Interfacial Thermal Transport in Monolayer MoS2- and Graphene-Based Devices

P Yasaei and CJ Foss and K Karis and A Behranginia and AI El-Ghandour and A Fathizadeh and J Olivares and AK Majee and CD Foster and F Khalili-Araghi and Z Aksamija and A Salehi-Khojin, ADVANCED MATERIALS INTERFACES, 4, 1700334 (2017).

DOI: 10.1002/admi.201700334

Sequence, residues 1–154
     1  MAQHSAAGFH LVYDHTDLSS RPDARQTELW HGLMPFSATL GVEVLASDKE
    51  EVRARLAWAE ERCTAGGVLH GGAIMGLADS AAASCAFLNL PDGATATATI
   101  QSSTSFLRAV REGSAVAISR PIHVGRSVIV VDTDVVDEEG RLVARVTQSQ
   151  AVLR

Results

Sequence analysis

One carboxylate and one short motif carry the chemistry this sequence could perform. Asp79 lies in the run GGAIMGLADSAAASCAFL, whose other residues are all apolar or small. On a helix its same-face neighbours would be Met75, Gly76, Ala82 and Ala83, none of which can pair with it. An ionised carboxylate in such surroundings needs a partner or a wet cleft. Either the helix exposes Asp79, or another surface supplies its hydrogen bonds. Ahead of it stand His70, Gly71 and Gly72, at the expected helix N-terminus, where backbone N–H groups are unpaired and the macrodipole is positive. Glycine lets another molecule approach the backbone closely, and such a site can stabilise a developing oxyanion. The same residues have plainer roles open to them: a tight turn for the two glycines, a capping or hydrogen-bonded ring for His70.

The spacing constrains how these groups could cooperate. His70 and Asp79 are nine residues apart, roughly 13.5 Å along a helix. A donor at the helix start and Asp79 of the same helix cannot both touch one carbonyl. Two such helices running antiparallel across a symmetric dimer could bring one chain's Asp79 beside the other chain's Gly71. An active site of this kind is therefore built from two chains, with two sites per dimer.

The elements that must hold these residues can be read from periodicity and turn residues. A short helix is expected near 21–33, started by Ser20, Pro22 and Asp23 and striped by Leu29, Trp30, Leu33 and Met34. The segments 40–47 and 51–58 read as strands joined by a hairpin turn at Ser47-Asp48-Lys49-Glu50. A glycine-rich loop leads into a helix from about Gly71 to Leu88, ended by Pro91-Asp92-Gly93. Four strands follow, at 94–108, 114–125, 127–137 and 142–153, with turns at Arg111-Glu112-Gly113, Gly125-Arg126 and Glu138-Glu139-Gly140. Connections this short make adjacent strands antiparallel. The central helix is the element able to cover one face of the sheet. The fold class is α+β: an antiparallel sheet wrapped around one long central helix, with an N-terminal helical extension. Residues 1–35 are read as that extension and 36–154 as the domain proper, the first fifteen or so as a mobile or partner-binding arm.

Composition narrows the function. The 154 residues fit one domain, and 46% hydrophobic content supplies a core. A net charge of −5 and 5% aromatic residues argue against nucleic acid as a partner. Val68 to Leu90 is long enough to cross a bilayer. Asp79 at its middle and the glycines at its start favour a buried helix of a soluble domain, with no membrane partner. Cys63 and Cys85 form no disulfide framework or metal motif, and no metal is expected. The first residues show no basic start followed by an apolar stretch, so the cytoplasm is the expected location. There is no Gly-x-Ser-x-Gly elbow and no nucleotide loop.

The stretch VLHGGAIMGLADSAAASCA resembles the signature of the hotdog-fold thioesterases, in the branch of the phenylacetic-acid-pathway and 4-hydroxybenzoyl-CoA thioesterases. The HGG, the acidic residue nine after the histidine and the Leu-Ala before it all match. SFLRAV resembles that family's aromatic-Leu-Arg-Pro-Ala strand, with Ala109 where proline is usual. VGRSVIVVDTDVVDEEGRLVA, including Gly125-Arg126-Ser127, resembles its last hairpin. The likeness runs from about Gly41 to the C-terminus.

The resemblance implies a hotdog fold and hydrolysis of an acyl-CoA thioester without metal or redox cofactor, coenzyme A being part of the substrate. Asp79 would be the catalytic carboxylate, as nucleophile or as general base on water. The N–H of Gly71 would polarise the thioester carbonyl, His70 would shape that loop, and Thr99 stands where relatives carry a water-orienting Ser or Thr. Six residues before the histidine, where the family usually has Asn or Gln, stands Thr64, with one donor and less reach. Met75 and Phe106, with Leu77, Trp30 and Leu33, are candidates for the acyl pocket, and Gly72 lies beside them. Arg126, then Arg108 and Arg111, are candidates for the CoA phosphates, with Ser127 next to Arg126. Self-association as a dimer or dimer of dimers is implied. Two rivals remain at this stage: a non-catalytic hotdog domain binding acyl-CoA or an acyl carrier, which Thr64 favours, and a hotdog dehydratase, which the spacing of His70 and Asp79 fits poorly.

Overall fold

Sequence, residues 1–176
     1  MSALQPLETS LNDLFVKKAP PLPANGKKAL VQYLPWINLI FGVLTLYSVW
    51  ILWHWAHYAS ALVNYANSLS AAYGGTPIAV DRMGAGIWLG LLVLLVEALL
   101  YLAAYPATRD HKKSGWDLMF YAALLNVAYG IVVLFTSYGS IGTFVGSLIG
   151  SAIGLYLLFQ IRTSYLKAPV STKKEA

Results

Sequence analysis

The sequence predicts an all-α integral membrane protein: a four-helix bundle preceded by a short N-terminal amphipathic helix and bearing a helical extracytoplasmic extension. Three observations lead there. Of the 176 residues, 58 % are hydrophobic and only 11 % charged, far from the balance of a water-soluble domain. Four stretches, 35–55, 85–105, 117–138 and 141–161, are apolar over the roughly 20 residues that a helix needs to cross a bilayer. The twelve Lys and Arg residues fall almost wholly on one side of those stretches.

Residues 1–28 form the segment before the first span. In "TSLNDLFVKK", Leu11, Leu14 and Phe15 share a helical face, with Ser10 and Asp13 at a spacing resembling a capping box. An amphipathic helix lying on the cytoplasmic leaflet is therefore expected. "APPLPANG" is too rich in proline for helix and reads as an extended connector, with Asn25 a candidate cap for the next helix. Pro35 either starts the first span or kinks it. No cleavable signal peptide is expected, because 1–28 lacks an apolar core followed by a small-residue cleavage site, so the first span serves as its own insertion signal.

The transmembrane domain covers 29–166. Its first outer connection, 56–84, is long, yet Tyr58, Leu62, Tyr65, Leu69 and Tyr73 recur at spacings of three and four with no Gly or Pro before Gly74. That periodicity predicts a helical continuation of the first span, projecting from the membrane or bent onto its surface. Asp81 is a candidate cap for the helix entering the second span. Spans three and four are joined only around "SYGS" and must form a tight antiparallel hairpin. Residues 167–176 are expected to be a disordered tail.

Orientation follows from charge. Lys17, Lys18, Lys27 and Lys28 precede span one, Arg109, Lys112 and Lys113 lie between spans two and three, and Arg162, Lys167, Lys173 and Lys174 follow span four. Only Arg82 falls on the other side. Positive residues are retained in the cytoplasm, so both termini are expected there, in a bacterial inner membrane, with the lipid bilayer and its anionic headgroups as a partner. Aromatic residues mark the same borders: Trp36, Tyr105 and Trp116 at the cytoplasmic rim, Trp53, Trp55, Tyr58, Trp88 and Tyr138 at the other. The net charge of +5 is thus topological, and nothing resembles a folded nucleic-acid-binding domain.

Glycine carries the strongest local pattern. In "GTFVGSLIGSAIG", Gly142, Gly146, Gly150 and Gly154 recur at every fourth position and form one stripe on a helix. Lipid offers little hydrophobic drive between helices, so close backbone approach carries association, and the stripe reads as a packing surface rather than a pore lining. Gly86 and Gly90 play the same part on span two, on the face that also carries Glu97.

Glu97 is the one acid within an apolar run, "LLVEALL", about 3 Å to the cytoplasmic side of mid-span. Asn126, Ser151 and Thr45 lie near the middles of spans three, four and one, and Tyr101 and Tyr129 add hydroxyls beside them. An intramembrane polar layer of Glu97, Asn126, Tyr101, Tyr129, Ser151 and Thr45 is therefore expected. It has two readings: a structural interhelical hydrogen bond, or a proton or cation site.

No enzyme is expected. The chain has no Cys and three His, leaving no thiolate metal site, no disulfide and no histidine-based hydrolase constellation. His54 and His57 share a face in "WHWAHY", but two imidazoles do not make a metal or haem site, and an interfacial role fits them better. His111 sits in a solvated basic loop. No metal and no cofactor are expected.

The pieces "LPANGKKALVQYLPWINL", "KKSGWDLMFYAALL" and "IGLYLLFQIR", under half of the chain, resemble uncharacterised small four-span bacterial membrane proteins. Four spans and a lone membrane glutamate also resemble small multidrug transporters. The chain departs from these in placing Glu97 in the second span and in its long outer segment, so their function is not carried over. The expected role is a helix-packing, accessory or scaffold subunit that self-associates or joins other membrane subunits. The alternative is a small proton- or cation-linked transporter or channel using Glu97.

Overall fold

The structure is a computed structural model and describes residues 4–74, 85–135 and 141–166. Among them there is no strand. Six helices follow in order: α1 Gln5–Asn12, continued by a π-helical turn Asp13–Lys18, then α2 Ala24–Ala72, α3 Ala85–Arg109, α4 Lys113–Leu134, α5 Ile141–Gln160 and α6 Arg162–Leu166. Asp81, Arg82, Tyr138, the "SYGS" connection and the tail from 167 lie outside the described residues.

In many device architectures based on 2D materials, a major part of the heat generated in hot-spots dissipates in the through-plane direction where the interfacial thermal resistances can significantly restrain the heat removal capability of the device. Despite its importance, there is an enormous (1-2 orders of magnitude) disagreement in the literature on the interfacial thermal transport characteristics of MoS2 and other transition metal dichalcogenides (TMDs) (0.1-14 MW m(-2) K-1). In this report, the thermal boundary conductance (TBC) across MoS2 and graphene monolayers with SiO2/Si and sapphire substrates is systematically investigated using a custom-made electrical thermometry platform followed by 3D finite element analyses. Through comparative experiments, the TBC at 295 K across MoS2 is found to be 20.3-33.5 MW m(-2) K-1 on SiO2/Si, and 19-37.5 MW m(-2) K-1 on c-sapphire, respectively, but far larger than the previous Raman-based measurements on TMDs with optical heating (0.1-2 MW m(-2) K-1). This study also investigates the effects of processing quality and potential interface contaminants, substrate properties, and encapsulation on TBC across MoS2 and graphene monolayers. Our results reveal that the emergence of Rayleigh wave modes dramatically contributes to the interfacial conductance across encapsulated 2D monolayers. This finding opens up an additional pathway to improve heat dissipation in 2D-based devices through engineering of an encapsulating layer.

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